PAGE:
Earlier this year, I went to my cousin’s wedding. It was a seriously Republican crowd. The only Democrat I met all weekend used to babysit the Bush twins. At a bridal luncheon given by a friend of the family well into her sixties, I was surprised to find a copy of Cincinnati native Curtis Sittenfeld’s Prep. I was even more surprised to hear the hostess had read and enjoyed it. Sittenfeld’s dissection of the entitled world of an American Prep school is not what I would call Republican-friendly. But neither is it mean. Sittenfeld is one of those writers whose true talent is honest curiosity, and I guess that crosses party lines.
This gives me hope that Laura Bush is secretly reading American Wife, even if she knows pretty much how it’s going to turn out. The novel is based very loosely on her life. Here she’s known as Alice Blackwell, and comes from small-town Wisconsin, not small-town Texas. But that’s where the major differences end (unless you want to count the fact that in the book she marries a man who you somehow can’t help liking).
Alice is haunted by the exact same tragic incident as Laura Bush. When she was 17, she ran a stop sign and killed the most popular boy in town. She wasn’t drunk, just distracted and inexperienced. Rumor was that Laura had a crush on him. In American Wife, the crush is mutual — Alice kills Andrew Imhoff on the way to a party where, under normal circumstances, they would be having their first kiss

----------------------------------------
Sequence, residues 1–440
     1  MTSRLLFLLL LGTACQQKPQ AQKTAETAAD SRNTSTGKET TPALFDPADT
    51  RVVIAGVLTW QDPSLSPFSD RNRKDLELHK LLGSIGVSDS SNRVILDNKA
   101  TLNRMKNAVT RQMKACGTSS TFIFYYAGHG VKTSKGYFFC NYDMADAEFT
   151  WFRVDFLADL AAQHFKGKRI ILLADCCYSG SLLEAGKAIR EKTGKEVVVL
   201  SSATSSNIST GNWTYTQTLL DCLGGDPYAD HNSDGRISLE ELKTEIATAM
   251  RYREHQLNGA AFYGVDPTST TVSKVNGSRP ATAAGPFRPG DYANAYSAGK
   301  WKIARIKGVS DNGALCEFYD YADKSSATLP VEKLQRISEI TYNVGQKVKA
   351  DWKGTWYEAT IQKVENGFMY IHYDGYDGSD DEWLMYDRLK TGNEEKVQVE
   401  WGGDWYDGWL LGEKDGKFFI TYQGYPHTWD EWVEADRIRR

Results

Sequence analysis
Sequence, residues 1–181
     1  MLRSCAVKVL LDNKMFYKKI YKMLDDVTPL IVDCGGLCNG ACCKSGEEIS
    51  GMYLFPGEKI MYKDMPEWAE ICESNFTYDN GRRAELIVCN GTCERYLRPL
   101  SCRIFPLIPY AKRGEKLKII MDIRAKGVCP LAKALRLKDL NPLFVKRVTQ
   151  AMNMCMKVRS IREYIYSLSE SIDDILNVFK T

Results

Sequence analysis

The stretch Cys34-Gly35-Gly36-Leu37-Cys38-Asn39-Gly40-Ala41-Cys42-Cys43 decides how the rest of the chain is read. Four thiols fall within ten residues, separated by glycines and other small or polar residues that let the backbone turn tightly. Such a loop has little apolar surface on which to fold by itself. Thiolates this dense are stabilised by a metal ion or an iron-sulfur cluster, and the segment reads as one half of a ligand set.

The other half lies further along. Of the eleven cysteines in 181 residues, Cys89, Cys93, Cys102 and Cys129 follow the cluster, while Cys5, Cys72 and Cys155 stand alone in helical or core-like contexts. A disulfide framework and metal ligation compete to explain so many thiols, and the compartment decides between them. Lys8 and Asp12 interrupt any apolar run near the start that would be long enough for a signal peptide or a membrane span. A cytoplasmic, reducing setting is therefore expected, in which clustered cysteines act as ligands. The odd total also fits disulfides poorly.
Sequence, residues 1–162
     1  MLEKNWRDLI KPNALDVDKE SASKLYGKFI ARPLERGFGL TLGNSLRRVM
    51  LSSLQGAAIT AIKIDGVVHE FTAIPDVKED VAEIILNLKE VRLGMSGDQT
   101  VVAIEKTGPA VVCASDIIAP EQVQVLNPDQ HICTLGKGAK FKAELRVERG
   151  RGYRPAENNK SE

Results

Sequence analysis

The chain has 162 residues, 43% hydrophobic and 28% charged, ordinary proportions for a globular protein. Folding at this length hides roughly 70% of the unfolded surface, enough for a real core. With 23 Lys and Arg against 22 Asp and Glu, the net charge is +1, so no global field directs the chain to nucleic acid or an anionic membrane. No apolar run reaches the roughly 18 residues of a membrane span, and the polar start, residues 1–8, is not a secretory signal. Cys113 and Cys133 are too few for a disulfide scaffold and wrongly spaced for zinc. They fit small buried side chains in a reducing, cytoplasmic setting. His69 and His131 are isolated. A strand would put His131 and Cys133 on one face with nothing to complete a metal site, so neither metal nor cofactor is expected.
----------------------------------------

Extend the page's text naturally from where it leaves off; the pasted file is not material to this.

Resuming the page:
If there’s one weakness in this book, however, it’s that Sittenfeld’s take on the aftermath is a little too cerebral. Sittenfeld has a great ear for inner dialogue and usually nails the authentic tone of the thoughts that run through the mind in uncomfortable situations. She’s not as good with actual trauma.
Years of presidential campaigning are condensed into a paragraph but, for some reason, she feels compelled to write several pages of Alice’s unconvincing self-analysis. Things improve when the plot turns on some bizarre decisions Alice makes in the weeks after the accident, but these are twists I won’t reveal in a book that already has too few.
Other than this one awkward chapter, American Wife is amazingly readable for a book that is so predicable. This is largely because Laura Bush’s life is such a naturally strange, weird fairytale. She kills her high school crush and remains unmarried until age 31, which in small-town America is pretty damn hard. Then one day the elementary school librarian meets the coke-snorting, dilettante heir to a political dynasty. This is a man who could have his pick of an entire state of Miss America contestants, Dallas Cowboy cheerleaders or East Coast Kennebunkport ice princesses. But he falls in love with a pretty, mature, prochoice librarian.
And think about it, with all the truly horrible things George W. Bush has done in his two terms as president, has there even been a hint of philandering? It makes you wonder, and you have to give Sittenfeld credit for doing just that.
Most writers, especially registered Democrats like Sittenfeld, would have turned this into some Edith Wharton tragedy of manners, where the smart, spinsterish girl ends up in an alienating Washington world with a rakish but now distant husband. Instead, she makes this an honest and convincing love story. Alice is the one good decision the vulgar, somewhat simple-minded, spoiled-brat President Charlie Blackwell ever makes in his life. Unfortunately, he makes about a million bad ones.
In American Wife, nobody knows this better than his wife, who loves him but always believed he would have made a better high school baseball coach. In fact, she didn’t even vote for him. Which is, unfortunately, not the case with enough Americans. Grade: B